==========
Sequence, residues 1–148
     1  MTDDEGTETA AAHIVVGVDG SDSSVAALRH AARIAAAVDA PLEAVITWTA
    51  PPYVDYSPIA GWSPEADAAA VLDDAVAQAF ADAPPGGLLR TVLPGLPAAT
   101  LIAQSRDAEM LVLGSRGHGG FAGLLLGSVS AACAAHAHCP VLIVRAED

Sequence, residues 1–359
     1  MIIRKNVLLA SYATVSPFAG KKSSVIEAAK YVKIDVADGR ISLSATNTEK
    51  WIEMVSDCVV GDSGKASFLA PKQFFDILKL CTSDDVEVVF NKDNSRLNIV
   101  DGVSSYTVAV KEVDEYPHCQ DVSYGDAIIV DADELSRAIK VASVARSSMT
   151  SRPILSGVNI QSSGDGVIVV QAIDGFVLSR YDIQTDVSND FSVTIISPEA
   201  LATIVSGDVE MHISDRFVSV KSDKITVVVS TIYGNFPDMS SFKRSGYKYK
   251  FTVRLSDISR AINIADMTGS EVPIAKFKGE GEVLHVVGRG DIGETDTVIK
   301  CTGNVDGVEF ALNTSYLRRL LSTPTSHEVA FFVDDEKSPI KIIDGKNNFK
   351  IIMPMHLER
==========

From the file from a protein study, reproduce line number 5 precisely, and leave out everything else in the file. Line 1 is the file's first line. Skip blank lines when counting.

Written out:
Sequence, residues 1–359